What color did you use in the previous iteration?


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Sounds like you are describing an "ombré" effect. I think with a large enough wall, in a large room with high ceilings, this would look great. Crowding in lots of furniture (like a living room or parlor) could ruin the effect, as you stated, but sounds like this is the ballroom, which likely won't have much furniture?

I tend to think the cooler colors look great against a stark black piano. I was fairly bold with the color and pattern on the wall behind my piano.

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Last edited by look_alive; 07/25/16 01:02 PM.

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Gray Spanish tile wallpapered accent walls are all the rage, again.

https://goo.gl/images/KT3Ru8

(Which amuses me since my parents' house was full of Spanish tile pattern in the 60s.)


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Being the ballroom there will be very little furniture in there.

I am hoping the effect will be gradual and not show as a series of stripes. What I want to do is do successive stripes, each the width of my paint roller, each increment mixing in enough paint to refill the bucket. That way any individual colour change should be effectively indiscernible.

I would start at the top and work down. That way any drips (I am no painter) would get painted out.

Plenty of time to think about it all as the wall is still raw brickwork at present. It is going to be covered with insulating material to give a smooth surface and, I hope, help with the acoustics.


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Originally Posted by PhilipInChina
...start in the bottom corner of the wall with a patch of a colour. Then add a small amount of white and do the next partworking up and away from the corner. Slowly increasing amounts of white are added so that the diagonally opposite part of the wall is almost white.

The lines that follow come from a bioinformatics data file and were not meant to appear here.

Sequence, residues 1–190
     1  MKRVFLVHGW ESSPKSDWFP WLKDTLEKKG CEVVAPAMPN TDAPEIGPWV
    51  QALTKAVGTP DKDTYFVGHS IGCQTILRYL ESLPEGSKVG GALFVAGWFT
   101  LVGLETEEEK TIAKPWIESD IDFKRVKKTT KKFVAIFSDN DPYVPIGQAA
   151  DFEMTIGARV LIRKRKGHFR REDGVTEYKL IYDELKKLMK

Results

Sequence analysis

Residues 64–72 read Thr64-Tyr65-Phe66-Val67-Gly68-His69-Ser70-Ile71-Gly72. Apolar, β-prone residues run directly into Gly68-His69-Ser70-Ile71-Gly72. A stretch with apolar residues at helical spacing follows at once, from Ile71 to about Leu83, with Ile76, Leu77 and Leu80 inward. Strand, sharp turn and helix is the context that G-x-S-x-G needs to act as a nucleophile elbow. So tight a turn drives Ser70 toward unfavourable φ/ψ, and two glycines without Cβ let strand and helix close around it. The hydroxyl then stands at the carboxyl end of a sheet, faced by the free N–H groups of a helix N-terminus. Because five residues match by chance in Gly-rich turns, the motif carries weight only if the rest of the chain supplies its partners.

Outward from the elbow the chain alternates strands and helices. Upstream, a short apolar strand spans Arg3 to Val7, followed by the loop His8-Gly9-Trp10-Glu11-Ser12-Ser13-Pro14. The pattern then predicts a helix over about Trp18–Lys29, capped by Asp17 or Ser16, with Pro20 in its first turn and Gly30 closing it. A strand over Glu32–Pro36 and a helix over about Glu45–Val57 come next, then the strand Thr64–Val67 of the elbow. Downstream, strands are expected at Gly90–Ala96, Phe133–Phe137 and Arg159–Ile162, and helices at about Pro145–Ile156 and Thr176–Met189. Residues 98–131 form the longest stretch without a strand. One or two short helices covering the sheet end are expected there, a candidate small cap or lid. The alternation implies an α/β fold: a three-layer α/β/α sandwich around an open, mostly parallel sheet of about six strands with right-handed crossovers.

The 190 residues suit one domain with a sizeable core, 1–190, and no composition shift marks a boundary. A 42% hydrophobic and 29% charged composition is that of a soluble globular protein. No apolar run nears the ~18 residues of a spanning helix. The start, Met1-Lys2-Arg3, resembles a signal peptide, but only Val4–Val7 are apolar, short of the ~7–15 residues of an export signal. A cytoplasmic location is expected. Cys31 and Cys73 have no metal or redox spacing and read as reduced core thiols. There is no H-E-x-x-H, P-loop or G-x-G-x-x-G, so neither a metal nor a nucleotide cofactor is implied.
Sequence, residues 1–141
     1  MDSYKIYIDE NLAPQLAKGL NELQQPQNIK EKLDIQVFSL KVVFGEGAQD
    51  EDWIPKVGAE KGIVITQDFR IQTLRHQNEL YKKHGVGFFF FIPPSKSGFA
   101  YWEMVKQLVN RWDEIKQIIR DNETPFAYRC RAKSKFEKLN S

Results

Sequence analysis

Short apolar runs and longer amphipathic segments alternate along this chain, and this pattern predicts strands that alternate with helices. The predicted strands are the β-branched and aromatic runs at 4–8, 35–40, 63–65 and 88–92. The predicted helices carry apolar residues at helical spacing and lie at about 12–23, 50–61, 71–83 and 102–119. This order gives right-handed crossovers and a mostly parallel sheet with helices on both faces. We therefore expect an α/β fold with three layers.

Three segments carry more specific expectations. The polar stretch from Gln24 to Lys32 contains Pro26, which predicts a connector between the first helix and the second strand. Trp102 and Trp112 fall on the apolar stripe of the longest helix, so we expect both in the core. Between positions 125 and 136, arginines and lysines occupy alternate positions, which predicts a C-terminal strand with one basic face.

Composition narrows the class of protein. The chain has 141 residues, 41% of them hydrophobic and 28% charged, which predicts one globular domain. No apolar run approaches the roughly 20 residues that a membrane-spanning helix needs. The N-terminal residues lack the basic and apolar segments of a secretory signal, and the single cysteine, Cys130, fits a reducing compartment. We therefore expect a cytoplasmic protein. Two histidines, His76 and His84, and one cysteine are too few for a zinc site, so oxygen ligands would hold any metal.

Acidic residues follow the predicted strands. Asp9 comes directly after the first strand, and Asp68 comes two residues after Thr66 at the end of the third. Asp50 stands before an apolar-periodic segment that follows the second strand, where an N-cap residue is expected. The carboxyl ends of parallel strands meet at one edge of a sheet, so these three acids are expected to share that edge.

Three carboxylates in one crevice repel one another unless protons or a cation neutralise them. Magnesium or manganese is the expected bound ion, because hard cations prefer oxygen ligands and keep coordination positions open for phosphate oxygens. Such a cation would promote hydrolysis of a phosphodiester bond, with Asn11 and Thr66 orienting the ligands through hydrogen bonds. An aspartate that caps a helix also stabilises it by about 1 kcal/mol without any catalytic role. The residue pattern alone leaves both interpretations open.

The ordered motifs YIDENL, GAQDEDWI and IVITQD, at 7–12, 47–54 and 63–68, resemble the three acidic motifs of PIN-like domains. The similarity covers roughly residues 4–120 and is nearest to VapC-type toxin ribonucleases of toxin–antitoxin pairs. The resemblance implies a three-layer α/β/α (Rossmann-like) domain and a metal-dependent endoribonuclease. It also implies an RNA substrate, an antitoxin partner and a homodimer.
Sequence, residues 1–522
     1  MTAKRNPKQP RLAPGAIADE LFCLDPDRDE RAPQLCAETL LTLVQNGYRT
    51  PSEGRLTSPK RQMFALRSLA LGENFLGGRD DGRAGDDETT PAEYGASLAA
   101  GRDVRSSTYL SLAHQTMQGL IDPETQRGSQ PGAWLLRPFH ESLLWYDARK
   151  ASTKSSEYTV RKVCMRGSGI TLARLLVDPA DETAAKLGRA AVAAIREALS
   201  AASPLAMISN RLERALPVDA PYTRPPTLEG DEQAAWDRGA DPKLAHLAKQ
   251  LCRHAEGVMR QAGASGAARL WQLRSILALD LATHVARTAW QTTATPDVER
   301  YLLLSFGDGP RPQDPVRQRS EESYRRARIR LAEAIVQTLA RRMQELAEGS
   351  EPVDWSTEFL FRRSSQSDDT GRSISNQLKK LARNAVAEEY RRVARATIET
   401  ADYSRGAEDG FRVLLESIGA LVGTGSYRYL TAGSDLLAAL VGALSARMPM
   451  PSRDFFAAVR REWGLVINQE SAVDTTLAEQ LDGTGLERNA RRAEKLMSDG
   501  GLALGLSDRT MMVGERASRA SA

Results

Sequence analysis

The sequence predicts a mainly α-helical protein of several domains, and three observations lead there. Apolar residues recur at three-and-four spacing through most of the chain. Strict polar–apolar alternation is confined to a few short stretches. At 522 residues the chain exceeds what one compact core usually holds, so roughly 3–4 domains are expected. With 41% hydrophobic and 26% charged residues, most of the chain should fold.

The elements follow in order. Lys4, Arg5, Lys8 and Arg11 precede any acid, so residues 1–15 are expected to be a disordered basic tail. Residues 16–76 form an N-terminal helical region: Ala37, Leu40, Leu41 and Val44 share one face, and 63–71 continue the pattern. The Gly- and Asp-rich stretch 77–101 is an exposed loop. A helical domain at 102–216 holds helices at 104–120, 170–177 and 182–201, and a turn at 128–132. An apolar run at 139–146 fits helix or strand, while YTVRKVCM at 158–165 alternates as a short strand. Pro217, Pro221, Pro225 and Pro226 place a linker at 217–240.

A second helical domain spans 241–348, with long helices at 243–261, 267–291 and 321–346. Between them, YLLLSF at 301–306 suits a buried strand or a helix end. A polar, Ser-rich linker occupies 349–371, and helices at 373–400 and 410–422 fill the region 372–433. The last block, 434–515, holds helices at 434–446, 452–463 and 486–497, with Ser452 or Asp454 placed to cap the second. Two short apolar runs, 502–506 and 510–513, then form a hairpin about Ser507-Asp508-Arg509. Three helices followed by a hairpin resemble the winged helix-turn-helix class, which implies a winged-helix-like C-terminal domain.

So you're basically going to do this?

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What colour is your floor? What's the rest of the decor like?
You've got the space - why did you go for that baby grand?
And have you considered a monocle?


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In one post you say you will start at the bottom and work up, continuously adding white to the colour. In another you say that you will start at the top and work down. If you continue adding white to the colour, your second option will be darker at the top and lighter at the bottom, an effect I already advised against in an earlier post.

Which will it be?

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Originally Posted by Ben_NZ
Originally Posted by PhilipInChina
...start in the bottom corner of the wall with a patch of a colour. Then add a small amount of white and do the next partworking up and away from the corner. Slowly increasing amounts of white are added so that the diagonally opposite part of the wall is almost white.

So you're basically going to do this?

[Linked Image]

What colour is your floor? What's the rest of the decor like?